An 80% funded ratio often has been cited in recent years as a basis for whether a pension plan is financially or “actuarially” sound. Left unchallenged, this misinformation can gain undue credibility with the observer, who may accept and in turn rely on it as fact, thereby establishing a mythic standard. This issue brief debunks that myth and clarifies how actuaries view funding levels for pension plans and how the funded ratio relates to the general idea of “soundness” or the “health” of a pension plan or system. The Pension Practice Council of the American Academy of Actuaries finds that while the funded ratio may be a useful measure, understanding a pension plan’s funding progress should not be reduced to a single measure or benchmark at a single point in time. Pension plans should have a strategy in place to attain or maintain a funded status of 100% or greater over a reasonable period of time.
- Frequent unchallenged references to 80% funding as a healthy level threaten to create a mythic standard.
- No single level of funding should be identified as a defining line between a “healthy” and an “unhealthy” pension plan.
- Funded ratios are a point-in-time measurement. The movement or trend of the funded ratio is as important as the absolute level.
- Most plans should have the objective of accumulating assets equal to 100% of a relevant pension obligation.
- The financial health of a pension plan depends on many factors in addition to funded status—particularly the size of any shortfall compared with the resources of the plan sponsor.
What a Funded Ratio Is and Is Not
The funded ratio of a pension plan equals a value of assets in the plan divided by a measure of the pension obligation. Confusion sometimes can result when the term “funded ratio” is used without a clear understanding of how the pension obligation is measured or whether some form of asset smoothing is being used. Actuaries use different methods to measure a pension obligation for different purposes. For example, the measurement of the obligation used to determine a contribution strategy is often different from the measurement used for financial reporting or estimating settlement costs. The context for a funded ratio is important; but a detailed discussion of the various reasons for or methods used to measure different types of pension obligations is outside the scope of this brief.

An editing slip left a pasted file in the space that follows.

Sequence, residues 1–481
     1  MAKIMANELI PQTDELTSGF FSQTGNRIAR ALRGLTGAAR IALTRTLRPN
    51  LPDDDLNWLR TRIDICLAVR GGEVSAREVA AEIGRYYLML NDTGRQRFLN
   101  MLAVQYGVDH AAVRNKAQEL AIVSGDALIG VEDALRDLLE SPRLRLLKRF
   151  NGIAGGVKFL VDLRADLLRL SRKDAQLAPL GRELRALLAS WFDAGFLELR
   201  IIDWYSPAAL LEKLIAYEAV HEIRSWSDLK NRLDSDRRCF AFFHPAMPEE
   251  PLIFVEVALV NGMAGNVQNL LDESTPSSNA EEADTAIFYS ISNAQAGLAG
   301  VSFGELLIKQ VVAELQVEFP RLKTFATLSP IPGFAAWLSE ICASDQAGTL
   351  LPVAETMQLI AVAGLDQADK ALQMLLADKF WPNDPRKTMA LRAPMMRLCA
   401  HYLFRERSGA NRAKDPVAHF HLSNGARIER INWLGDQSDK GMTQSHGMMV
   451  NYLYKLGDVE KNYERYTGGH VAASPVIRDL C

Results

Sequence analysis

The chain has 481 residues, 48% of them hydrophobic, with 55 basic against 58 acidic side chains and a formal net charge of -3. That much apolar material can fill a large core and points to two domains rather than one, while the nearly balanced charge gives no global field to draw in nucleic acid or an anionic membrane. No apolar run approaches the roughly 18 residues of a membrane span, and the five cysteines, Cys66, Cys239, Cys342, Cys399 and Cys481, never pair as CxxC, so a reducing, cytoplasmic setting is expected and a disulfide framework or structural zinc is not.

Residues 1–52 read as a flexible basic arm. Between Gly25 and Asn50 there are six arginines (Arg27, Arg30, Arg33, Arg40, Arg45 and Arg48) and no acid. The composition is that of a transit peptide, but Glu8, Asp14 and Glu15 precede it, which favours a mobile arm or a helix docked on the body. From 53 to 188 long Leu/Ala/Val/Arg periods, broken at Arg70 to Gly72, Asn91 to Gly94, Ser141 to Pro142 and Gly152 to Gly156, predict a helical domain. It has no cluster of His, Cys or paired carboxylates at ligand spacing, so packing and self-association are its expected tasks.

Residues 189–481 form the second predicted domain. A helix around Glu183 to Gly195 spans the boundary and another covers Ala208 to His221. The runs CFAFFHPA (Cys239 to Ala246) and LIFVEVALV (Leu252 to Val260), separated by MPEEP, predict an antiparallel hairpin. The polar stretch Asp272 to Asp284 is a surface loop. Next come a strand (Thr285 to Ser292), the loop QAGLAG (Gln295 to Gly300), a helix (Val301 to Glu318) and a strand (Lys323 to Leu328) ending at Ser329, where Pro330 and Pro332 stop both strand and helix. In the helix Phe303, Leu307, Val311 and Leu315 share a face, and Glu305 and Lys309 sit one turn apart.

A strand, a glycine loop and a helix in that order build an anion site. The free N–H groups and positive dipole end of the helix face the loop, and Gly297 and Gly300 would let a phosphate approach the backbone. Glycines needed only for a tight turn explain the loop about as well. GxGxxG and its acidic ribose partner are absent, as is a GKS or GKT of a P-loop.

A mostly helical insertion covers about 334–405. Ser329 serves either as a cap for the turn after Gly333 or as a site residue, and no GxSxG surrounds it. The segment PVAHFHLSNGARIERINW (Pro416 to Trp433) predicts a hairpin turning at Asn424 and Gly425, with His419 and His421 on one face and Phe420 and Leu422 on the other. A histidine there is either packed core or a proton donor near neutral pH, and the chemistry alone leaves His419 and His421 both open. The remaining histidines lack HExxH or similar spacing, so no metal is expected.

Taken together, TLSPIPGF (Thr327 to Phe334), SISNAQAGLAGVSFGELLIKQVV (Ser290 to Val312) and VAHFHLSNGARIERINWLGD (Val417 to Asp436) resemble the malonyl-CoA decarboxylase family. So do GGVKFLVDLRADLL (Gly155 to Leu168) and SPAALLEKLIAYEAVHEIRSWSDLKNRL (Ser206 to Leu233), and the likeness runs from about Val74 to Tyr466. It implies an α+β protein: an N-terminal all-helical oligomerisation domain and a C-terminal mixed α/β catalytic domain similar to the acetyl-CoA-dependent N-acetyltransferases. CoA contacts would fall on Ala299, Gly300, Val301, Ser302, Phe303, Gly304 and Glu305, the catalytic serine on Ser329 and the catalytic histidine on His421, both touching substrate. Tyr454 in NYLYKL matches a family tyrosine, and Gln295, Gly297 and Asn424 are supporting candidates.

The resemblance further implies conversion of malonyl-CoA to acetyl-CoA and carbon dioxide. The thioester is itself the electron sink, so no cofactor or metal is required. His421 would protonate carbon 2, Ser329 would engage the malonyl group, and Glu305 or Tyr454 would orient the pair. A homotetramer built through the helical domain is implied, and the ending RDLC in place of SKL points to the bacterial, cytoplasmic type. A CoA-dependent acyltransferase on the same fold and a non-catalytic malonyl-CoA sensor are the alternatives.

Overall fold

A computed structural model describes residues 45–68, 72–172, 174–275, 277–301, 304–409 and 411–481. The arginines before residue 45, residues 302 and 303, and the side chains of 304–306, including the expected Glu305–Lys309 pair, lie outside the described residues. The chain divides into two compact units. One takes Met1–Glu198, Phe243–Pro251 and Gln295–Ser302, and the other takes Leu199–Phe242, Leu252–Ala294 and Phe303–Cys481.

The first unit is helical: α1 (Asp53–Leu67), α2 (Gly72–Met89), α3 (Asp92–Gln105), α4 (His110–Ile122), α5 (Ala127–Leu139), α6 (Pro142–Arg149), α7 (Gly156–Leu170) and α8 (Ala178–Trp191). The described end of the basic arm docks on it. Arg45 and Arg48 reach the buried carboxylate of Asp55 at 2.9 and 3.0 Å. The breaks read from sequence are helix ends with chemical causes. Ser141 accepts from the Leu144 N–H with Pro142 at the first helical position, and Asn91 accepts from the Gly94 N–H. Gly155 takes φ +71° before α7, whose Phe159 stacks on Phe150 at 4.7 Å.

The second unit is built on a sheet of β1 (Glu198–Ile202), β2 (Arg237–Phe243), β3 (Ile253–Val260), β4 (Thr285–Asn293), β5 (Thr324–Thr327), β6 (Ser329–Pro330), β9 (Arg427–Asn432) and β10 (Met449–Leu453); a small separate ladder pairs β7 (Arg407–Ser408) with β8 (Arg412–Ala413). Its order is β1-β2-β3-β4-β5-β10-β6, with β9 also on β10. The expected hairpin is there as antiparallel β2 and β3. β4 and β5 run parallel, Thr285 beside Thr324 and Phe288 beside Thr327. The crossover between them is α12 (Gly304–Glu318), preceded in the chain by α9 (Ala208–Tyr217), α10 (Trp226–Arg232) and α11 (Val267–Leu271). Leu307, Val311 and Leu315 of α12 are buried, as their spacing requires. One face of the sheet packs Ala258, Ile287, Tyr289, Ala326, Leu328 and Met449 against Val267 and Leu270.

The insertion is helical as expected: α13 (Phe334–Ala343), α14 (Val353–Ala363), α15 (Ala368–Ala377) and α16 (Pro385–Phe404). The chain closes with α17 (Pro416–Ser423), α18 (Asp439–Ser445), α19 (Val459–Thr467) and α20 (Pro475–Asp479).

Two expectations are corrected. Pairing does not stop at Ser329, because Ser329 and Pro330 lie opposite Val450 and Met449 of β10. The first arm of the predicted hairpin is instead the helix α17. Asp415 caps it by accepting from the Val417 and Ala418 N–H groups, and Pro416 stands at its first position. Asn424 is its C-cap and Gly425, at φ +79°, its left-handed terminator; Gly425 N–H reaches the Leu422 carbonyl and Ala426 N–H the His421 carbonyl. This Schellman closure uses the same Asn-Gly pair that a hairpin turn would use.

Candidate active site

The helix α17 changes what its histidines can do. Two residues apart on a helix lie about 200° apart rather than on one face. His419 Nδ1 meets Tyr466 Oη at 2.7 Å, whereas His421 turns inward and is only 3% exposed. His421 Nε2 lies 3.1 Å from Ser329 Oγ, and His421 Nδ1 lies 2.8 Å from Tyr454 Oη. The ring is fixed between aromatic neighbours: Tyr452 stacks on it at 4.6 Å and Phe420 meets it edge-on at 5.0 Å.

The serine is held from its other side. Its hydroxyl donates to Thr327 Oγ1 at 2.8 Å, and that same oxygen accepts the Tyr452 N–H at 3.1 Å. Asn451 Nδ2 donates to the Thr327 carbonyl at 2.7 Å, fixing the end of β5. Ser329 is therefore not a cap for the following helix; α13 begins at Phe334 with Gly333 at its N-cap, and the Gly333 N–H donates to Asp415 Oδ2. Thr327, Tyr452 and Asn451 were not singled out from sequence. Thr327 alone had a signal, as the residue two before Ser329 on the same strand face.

Actuarial funding methods generally are designed with a target of 100% funding—not 80%. If the funded ratio is less than 100%, contribution patterns are structured with the objective of attaining a funded ratio of 100% over a reasonable period of time.
While it is unclear when widespread use began, an 80% benchmark has appeared in research reports, legislative initiatives, and in the media as a dividing line between healthy and unhealthy plans. A 2007 Government Accountability Office (GAO) report on government pension plans identified 80% as a de facto standard, citing experts without attribution. Subsequent uses of the 80% level often cite the 2007 GAO report.
The Pension Protection Act of 2006 (PPA) limits benefit improvements, lump sum payments, and use of the funding balances based on an 80% ratio of assets to the PPA funding target. Also under PPA, multi-employer plans use 80% as a level below which stricter funding rules become effective. As a final note, credit rating agencies use various funded ratios, including 80%, as a general indicator of a public pension plan’s financial health.
Identifying specific levels of funding as “too low” as PPA does is useful for some purposes (e.g., implementing benefit restrictions); but it does not follow that achieving or maintaining a funded ratio at some particular level should be considered healthy or adequate. A plan with a funded ratio above 80% (or any specific level) might not be sustainable if the obligation is excessive relative to the financial resources of the sponsor, if the plan investments involve excessive risk, or if the sponsor fails to make the planned contributions.
Read the rest of this policy brief here.
This article republishes selections from “The 80% Pension Funding Standard Myth” a policy brief from the American Academy of Actuaries in July 2012. The whole policy brief is available here.